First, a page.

Berrying in the Far Northern Catskills
A brief bout of picking yields over four quarts of berries.
July is peak berry season in the valley of Schoharie Creek, which runs north from Great Gorge to the town of Schoharie, New York, a distance of about 20 miles. As the rocky creek meanders and burbles through the valley between two undulating ridges, it is flanked by rich agricultural tableland, and some of the prettiest produce stands in the state are planted along the road.
Berry pickers nearly eclipsed by blueberry bushes, under the rocky outcropping called Vroman's Nose
The first tomatoes are starting to come in, but mainly because they were started in greenhouses by some of the more sophisticated farming operations. At one stand, we spot fairy-tale eggplants (a small, elongated, lavender variety) and cauliflowers as big as punch bowls. Berries of one sort or another are ripe during all of July and August, and this weekend, the summer raspberries and bush blueberries were ripe, with yellow raspberries just starting to come in.
A berrying pal and I attacked the blueberry bushes at Bohringer's Fruit Farm in Fultonham, New York. The bushes are situated just below the stone outcropping and cliffs known as Vroman's Nose, making for some spectacular picking, scenery-wise. We each picked a quart of blueberries. They tend to be smaller, sweeter, and covered with a thicker white blush than the ones found in the Union Square Greenmarket, which come mainly from Jersey. Put on ice cream or in buttermilk pancakes, these small sweet blueberries are unrivaled.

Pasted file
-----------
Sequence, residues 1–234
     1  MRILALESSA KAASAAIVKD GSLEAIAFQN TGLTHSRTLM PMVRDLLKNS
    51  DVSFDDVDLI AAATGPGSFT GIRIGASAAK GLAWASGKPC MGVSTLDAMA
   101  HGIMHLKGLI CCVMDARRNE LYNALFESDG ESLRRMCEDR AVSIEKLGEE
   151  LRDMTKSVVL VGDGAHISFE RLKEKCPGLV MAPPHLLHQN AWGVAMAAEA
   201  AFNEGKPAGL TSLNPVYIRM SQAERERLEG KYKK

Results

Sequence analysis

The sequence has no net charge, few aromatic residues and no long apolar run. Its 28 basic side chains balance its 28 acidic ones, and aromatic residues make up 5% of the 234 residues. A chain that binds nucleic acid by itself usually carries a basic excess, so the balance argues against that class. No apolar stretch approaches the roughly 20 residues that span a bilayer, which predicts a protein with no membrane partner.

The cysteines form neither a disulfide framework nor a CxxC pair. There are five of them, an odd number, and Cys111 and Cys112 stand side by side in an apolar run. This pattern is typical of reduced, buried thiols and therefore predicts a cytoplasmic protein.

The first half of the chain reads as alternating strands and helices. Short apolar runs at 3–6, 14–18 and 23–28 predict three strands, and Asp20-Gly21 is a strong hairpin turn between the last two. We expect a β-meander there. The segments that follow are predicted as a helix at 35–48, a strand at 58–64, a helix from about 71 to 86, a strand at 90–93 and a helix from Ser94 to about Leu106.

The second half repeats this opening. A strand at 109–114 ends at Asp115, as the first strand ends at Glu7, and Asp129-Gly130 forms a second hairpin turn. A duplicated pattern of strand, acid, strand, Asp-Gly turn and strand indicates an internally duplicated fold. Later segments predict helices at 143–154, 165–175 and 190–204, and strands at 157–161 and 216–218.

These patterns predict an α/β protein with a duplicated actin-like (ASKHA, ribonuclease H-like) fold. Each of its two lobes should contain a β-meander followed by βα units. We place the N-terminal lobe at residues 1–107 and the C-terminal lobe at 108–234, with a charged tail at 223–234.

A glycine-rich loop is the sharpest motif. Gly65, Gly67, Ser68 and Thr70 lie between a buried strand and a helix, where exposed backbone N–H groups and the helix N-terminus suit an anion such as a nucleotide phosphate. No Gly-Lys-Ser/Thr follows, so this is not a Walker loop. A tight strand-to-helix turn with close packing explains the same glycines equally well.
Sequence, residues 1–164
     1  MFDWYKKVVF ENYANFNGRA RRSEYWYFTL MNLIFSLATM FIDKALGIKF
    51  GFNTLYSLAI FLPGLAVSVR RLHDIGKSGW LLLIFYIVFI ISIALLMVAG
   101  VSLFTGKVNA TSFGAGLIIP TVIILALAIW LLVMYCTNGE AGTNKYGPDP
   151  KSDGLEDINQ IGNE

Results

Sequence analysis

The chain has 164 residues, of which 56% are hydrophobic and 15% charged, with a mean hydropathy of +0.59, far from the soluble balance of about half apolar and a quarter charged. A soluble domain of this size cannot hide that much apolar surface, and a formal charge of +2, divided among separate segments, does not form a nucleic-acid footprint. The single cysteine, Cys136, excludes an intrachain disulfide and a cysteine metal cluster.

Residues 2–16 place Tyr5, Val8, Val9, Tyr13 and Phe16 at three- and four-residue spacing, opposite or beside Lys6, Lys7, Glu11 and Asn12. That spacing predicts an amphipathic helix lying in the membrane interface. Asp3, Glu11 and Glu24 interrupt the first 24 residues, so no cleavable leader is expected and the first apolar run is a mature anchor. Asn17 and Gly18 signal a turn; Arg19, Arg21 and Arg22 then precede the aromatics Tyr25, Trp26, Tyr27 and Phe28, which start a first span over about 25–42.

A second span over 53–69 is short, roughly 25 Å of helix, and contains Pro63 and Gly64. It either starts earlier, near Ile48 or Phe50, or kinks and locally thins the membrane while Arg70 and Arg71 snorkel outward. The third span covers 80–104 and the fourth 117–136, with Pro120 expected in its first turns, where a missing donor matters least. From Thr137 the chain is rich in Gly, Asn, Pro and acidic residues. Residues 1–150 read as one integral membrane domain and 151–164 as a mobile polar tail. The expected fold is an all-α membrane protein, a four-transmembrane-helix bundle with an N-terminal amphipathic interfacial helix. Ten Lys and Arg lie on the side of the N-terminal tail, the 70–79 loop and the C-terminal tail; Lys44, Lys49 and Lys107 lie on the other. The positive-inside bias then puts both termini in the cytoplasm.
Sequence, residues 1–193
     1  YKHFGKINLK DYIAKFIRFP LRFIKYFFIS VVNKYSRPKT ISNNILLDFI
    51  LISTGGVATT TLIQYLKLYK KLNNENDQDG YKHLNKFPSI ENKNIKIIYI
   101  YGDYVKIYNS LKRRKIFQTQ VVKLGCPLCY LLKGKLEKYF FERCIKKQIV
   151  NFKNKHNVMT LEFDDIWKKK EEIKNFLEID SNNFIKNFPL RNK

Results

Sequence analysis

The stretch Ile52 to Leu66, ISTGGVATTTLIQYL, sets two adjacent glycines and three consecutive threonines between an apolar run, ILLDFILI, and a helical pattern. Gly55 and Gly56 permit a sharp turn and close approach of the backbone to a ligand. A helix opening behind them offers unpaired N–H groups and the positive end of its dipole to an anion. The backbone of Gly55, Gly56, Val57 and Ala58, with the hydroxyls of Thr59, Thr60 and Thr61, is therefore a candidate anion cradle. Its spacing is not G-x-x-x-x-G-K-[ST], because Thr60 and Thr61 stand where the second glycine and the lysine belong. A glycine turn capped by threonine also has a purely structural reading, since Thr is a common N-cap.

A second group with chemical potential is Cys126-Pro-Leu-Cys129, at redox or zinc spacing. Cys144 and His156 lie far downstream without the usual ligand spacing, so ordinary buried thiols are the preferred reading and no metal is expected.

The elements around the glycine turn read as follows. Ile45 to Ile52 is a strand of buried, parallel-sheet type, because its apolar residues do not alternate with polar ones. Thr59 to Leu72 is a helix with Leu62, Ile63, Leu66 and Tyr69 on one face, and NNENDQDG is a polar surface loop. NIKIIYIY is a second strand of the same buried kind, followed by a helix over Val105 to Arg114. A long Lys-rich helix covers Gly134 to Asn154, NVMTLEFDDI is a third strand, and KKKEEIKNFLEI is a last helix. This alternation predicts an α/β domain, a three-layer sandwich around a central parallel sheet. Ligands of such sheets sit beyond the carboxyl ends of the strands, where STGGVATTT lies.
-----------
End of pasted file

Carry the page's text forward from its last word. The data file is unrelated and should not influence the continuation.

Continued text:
Half pint down, half pint to go
These splendid specimens are destined to be made into jam later in the day.
Next we moved over to the raspberry bushes, in parallel rows north of the blueberry patch. Raspberry picking is more work than blueberry picking, because of the tiny thorns along the stems, and because you have to reach lower and push more foliage out of the way. It's easier to spot ripe berries, because they have an almost purplish cast, and the raspberry picking goes faster because the berries are bigger. A gentle tug on a berry tells you if it's ripe -- it will come off right in your hand. Ones that don't come off easily are generally not ripe enough. Nevertheless, for some applications, like jam making, a tarter berry may be more desirable.
We picked a quart each of raspberries in the hot July sun as the temperature topped out at 89 degrees. (It was the day after it was 104 degrees in the city.) It took us 45 minutes, and we emerged from the fields drenched in sweat. Proceeding to the berry sale barn and weigh station, we were charged $15 for four quarts of berries, at $2.50 per pound. A similar quantity of berries, not quite as fresh or sweet, would have set us back over $60 at the Union Square Greenmarket.
It takes a different set of skills to pick raspberries than it does to pick blueberries.
Freshly picked raspberries taste great on vanilla soft-serve -- of which the Catskills have plenty.
We repaired to the ice cream stand in Great Gorge and gorged ourselves on fresh berries and vanilla soft-serve. The next day we made jam out of the rest of the raspberries, and used the blueberries in a batch of buttermilk pancakes. Berries don't get any tastier than this.
Blueberry pancakes, soon to be sluiced with the local maple syrup
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